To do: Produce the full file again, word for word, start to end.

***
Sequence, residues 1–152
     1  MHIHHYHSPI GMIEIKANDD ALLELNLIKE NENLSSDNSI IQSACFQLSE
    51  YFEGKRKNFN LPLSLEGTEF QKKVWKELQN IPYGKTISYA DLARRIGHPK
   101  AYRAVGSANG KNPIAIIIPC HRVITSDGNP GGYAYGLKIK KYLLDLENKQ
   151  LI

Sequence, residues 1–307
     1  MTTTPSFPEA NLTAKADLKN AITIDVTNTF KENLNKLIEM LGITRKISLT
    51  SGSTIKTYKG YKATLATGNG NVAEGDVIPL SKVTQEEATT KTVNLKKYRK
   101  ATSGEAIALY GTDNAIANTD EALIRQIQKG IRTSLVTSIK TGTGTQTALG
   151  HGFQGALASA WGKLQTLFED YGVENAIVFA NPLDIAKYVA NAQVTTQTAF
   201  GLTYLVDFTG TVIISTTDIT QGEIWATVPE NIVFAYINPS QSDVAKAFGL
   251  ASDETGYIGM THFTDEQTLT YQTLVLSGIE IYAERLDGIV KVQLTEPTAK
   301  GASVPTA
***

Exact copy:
Sequence, residues 1–152
     1  MHIHHYHSPI GMIEIKANDD ALLELNLIKE NENLSSDNSI IQSACFQLSE
    51  YFEGKRKNFN LPLSLEGTEF QKKVWKELQN IPYGKTISYA DLARRIGHPK
   101  AYRAVGSANG KNPIAIIIPC HRVITSDGNP GGYAYGLKIK KYLLDLENKQ
   151  LI

Sequence, residues 1–307
     1  MTTTPSFPEA NLTAKADLKN AITIDVTNTF KENLNKLIEM LGITRKISLT
    51  SGSTIKTYKG YKATLATGNG NVAEGDVIPL SKVTQEEATT KTVNLKKYRK
   101  ATSGEAIALY GTDNAIANTD EALIRQIQKG IRTSLVTSIK TGTGTQTALG
   151  HGFQGALASA WGKLQTLFED YGVENAIVFA NPLDIAKYVA NAQVTTQTAF
   201  GLTYLVDFTG TVIISTTDIT QGEIWATVPE NIVFAYINPS QSDVAKAFGL
   251  ASDETGYIGM THFTDEQTLT YQTLVLSGIE IYAERLDGIV KVQLTEPTAK
   301  GASVPTA